A few weeks ago, the Wall Street Journal published a piece about how e-mail's reign as the king of online communication is over. Author Jessica Vascellaro didn't decree the death of e-mail, she just argued the constant stream of updates social media services like Facebook and Twitter provide are more in sync with today's permanently plugged-in approach to the Web.
A week or so after the WSJ piece, Facebook COO Sheryl Sandberg predicted at the Web 2.0 Summit in San Francisco that the future of the Internet lies in social networking, not searching capabilities. Sandberg reasoned we want our information from our friends and sources we trust -- or, I guess what Ed Keller and Jon Berry call "The Influentials."
So, we could surmise search and e-mail are fading, social media is rising. But, right around the same time Sandberg was sharing her insights, a survey of 203 participants between the ages of 18-24 by The Participatory Marketing Department and Pace University showed e-mail is still incredibly important in the lives of young people. According to Mashable, Gen Y would be more reluctant to give up e-mail and text messaging than social networks.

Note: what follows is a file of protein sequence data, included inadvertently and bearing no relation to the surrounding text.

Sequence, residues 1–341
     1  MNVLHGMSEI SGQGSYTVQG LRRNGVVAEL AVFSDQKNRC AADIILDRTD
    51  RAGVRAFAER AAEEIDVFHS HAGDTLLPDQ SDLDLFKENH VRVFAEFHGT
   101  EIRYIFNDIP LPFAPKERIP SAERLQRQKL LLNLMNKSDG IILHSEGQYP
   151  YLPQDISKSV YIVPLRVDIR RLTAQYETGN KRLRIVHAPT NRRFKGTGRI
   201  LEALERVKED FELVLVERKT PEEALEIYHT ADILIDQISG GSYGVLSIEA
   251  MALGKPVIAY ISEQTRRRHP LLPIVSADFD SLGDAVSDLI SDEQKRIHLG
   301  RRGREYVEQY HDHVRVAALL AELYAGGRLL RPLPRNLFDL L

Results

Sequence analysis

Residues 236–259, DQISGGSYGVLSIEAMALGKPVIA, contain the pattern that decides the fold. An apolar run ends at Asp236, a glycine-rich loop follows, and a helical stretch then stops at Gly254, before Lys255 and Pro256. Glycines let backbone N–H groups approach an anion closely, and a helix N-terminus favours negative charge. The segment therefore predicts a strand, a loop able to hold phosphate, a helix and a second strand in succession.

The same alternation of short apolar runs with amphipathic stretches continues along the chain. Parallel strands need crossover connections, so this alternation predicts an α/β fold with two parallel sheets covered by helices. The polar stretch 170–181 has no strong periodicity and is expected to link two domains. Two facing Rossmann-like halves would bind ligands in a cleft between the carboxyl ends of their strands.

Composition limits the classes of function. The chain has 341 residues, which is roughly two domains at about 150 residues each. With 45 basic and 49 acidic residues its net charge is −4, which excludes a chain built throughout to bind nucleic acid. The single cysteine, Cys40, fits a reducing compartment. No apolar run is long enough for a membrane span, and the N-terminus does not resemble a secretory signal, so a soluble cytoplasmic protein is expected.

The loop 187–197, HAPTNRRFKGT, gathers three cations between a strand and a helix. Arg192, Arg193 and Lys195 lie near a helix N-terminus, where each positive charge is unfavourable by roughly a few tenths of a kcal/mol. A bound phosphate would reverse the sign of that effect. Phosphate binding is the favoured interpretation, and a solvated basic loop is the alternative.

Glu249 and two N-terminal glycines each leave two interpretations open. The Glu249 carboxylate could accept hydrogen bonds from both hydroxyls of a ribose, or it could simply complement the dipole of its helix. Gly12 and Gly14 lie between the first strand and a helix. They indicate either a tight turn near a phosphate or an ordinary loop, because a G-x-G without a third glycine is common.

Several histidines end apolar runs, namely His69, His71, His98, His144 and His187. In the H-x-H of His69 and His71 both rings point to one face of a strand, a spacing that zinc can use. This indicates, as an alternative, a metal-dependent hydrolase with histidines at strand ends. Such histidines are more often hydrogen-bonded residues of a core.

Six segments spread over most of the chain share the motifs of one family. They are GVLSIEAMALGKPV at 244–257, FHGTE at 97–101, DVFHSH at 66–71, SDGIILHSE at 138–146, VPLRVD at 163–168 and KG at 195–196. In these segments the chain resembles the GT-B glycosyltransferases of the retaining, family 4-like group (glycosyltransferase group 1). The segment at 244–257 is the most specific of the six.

And, according to the Pew Internet & American Life Project's April survey, 90 percent of Internet users have used the Internet to send or receive e-mail and 88 percent have used a search engine to find information. Those are some strong figures.
At the end of the day, whether you are working for a commercial, government or some other entity looking to reach an audience via the Internet, discounting any means of communication is going to run the risk of disenfranchising a segment of your audience.
Besides, not everyone feels social media is the glorious wave of the future. Check this out.